AZORult is a trojan malware that harvests and exfiltrates data from the compromised system. It is installed on a system via a first-stage malware, such as Seamless. The malware searches for the following information and sends it to its C2 server:

  • Saved passwords, such as those from browsers, email and FTP servers;

  • Cookies from browsers and forms, including autofill;

  • wallet.dat files from popular bitcoin clients;

  • Skype message history;

  • Files from chat history;

  • Desktop files;

  • Files with specified extensions from Desktop and files in folders;

  • List of installed programs;

  • List of running processes; and

  • Username, computer name, and operating system type.

In July 2018, AZORult was substantially updateded, improving both on its stealer and downloader functionality. It was immediately seen in a large email campaign, leveraging its new capabilities to distribute Hermes ransomware. The advertisement for AZORult version 3.2 notes the following updates:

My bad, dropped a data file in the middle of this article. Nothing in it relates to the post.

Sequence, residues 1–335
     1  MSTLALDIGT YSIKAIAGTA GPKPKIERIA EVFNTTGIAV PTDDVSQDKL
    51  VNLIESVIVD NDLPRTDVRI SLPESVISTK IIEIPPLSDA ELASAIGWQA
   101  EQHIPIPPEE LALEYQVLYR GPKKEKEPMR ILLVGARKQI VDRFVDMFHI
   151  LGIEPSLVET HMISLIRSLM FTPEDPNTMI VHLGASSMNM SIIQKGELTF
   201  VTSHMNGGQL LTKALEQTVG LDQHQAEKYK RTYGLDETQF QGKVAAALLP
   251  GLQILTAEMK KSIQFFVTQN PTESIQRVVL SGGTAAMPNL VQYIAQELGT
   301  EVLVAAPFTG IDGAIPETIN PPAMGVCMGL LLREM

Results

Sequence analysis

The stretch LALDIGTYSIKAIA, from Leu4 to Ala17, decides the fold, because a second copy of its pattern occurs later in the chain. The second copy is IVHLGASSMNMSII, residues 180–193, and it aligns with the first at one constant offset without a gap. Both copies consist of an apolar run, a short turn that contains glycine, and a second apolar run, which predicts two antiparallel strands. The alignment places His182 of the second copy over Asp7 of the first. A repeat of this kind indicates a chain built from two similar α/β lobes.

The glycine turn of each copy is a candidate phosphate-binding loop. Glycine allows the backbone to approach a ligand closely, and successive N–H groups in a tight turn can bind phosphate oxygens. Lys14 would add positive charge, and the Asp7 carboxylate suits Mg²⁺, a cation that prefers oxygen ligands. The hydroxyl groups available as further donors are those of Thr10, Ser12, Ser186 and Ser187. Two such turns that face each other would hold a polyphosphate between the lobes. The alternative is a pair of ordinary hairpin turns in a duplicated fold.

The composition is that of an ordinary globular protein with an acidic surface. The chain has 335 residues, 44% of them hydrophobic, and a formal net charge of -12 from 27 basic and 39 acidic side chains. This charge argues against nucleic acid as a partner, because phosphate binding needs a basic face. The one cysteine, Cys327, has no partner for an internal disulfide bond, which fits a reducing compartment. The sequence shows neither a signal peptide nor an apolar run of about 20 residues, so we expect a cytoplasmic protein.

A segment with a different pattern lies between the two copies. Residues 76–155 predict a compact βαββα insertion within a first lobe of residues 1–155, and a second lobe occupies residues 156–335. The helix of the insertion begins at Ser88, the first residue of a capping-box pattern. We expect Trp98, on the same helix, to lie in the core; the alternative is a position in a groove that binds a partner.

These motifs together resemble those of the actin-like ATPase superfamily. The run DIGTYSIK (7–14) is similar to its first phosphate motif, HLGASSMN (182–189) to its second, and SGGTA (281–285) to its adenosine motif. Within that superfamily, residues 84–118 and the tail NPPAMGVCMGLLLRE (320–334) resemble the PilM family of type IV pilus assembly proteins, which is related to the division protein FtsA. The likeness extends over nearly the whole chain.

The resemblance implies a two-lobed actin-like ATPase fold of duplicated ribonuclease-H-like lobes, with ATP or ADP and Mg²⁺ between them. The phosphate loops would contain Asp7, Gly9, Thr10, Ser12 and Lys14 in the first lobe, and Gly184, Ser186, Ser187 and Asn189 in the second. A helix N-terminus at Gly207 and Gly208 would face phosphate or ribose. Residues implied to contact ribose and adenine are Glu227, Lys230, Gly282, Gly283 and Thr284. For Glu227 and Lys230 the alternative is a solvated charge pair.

• Added stealing of history from browsers (except IE and Edge).

  • Added support for cryptocurrency wallets: Exodus, Jaxx, Mist, Ethereum, Electrum, Electrum-LTC.

  • Improved loader. Now supports unlimited links. In the admin panel, you can specify the rules for how the loader works.

  • Stealer can now use system proxies. If a proxy is installed on the system, but there is no connection through it, the stealer will try to connect directly.

Reporting and Technical Details

  • Threatstop provides technical details here.

  • January 2018: AZORult is being delivered via the RIG EK and Ramnit trojan. (Malware-Traffic-Analysis)

  • July 2018: New version of AZORult stealer improves loading features, spreads alongside ransomware in new campaign. (Proofpoint)

  • November 2018: New Azorult variants were being used as primary payloads in a new ongoing campaign using the Fallout exploit kit. (Palo Alto Networks)

Trojan VariantsNJCCICazorult